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# Mathematica Q&A: Combining and Annotating Plots

Got questions about Mathematica? The Wolfram Blog has answers! We’ll regularly answer selected questions from users around the web. You can submit your question directly to the Q&A Team using this form.

Today’s question is from Herbert, a reader of this blog:

How can I plot a function like sin(x) together with a relation like x = π?

You can plot two or more functions together by giving a list as the first argument of a function like Plot:

But a relation like x = π is not a function, since it doesn’t define a single function value for each x.

There are a few different ways to combine a regular plot of a function with a visualization of a relation.

The particular relation x = π is a single vertical line. Any arrangement of horizontal and vertical lines can be produced using the GridLines option:

The setting GridLines → {xlist, ylist} draws grid lines at the specified lists of points on the x– and y-axes. You can also use GridLinesStyle to specify colors and styles. Here’s a version with multiple dashed grid lines:

Another way to get the vertical line x = π is to explicitly tell Plot to draw the line after it finishes plotting. You do this with the Epilog option:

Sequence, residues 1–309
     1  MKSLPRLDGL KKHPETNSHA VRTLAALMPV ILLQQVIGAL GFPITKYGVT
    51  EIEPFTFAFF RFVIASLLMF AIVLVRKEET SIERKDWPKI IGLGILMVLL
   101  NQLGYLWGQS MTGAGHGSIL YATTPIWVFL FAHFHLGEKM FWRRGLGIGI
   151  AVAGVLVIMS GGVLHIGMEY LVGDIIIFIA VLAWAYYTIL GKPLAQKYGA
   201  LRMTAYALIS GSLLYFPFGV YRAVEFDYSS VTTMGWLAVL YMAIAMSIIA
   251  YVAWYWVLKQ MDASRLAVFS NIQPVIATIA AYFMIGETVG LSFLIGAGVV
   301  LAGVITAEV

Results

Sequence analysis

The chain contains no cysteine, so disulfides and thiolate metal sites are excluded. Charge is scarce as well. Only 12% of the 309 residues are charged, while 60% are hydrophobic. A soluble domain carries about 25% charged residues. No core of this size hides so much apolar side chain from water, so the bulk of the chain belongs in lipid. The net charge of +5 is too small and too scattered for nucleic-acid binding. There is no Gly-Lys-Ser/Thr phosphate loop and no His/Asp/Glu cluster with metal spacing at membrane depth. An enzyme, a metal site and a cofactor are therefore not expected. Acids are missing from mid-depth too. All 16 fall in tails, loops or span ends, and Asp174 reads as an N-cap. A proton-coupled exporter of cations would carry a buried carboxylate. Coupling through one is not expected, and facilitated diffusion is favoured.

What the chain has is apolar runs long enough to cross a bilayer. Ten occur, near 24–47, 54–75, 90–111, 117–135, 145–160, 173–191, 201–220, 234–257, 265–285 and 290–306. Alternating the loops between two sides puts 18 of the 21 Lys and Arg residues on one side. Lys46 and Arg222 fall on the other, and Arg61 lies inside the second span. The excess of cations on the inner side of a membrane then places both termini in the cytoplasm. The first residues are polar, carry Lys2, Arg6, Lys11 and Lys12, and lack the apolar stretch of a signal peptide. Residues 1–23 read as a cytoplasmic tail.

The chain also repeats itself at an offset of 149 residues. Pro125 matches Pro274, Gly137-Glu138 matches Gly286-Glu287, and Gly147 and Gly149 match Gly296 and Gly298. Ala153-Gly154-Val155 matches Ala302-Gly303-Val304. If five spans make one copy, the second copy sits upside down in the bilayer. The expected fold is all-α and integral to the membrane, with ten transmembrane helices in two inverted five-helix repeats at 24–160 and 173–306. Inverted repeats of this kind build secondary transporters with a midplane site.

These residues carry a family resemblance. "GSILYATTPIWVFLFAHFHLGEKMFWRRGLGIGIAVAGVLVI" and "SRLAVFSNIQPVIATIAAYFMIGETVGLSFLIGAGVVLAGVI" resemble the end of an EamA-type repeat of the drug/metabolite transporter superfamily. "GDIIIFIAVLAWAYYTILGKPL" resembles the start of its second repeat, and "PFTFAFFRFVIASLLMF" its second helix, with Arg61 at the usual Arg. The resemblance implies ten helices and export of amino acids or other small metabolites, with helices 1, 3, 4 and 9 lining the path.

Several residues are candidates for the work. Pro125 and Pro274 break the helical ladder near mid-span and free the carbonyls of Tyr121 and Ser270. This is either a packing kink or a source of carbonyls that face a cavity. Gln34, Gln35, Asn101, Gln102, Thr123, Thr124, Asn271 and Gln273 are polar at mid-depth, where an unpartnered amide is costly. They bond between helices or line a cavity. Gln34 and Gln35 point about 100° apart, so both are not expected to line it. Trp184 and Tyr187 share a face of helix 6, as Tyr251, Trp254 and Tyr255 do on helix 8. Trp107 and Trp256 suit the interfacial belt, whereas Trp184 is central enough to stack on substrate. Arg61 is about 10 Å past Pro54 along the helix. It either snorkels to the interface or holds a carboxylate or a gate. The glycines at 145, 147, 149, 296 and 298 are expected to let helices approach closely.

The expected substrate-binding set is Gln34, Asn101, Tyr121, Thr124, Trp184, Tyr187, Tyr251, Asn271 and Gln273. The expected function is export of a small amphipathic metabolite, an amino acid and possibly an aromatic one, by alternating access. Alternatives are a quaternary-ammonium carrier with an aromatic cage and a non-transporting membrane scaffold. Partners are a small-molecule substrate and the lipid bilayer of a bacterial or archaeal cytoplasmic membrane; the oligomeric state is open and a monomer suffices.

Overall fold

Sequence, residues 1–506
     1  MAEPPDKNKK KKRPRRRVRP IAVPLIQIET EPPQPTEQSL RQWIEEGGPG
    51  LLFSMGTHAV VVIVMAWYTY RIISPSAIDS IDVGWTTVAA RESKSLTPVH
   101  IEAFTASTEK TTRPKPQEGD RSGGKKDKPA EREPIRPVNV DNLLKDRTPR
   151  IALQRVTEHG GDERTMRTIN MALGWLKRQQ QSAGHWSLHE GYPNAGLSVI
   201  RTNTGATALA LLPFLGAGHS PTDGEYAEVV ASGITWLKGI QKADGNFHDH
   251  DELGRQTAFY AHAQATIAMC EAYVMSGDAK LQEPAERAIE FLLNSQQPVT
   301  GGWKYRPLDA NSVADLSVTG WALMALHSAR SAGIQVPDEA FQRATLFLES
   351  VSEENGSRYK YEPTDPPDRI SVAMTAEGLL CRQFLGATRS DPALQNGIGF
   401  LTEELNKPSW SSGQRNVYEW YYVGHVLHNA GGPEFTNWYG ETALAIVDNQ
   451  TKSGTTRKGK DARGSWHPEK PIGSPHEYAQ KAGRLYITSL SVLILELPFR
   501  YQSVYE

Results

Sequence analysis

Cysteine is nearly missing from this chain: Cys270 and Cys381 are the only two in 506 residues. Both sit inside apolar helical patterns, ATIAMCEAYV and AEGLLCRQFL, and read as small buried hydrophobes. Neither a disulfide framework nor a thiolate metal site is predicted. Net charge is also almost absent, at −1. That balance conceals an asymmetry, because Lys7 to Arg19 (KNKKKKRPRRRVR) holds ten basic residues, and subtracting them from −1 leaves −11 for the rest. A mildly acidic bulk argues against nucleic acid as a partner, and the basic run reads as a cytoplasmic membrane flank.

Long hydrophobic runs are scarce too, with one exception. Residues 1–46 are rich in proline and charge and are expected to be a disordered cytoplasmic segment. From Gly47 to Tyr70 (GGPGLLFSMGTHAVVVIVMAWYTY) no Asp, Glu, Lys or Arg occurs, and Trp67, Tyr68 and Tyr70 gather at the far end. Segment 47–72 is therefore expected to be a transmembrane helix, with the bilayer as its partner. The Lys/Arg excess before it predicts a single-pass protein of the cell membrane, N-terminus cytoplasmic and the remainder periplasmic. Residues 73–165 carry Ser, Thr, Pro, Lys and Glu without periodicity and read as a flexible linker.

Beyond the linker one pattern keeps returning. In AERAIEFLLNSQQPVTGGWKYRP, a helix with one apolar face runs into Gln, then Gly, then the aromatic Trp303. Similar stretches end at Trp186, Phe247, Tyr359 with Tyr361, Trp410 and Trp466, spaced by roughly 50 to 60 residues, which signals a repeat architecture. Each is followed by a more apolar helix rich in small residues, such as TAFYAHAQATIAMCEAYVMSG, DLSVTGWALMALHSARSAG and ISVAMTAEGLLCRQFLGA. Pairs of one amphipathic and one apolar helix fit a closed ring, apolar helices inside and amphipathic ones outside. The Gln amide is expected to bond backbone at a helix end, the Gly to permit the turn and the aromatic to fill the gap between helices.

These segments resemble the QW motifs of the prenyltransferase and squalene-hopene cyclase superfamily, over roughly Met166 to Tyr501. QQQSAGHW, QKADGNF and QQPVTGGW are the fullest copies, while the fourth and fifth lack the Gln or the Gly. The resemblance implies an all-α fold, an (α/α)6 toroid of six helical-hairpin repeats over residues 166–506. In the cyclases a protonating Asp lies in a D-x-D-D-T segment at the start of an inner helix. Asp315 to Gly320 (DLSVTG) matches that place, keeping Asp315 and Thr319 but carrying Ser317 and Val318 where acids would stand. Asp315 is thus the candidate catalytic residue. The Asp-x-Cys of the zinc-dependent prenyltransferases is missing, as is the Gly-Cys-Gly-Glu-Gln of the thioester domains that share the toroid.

The Epilog option can include any combination of Mathematica‘s graphics directives, such as colors and dashing:

Instead of manually drawing the line representing x = π, you can use ContourPlot to visualize the relation:

Using the function Show, you can combine the contour plot with a regular plot of sin(x):

(Note that Show uses the plot size and axes of its first argument—in this case, the regular plot of sin(x).)

The advantage of ContourPlot is that you can readily visualize more complicated relations than x = π. Here’s the relation sin(x) = sin(y):

You can use Show to combine the graphics produced by any of Mathematica‘s graphics functions. For example, RegionPlot can be used to visualize regions satisfying inequalities. Here’s a plot highlighting the region satisfying both sin(x) < y and x < π/2:

Between Show, options like GridLines and Epilog, and all of Mathematica‘s built-in graphics functions, you have a lot of flexibility when creating custom visualizations.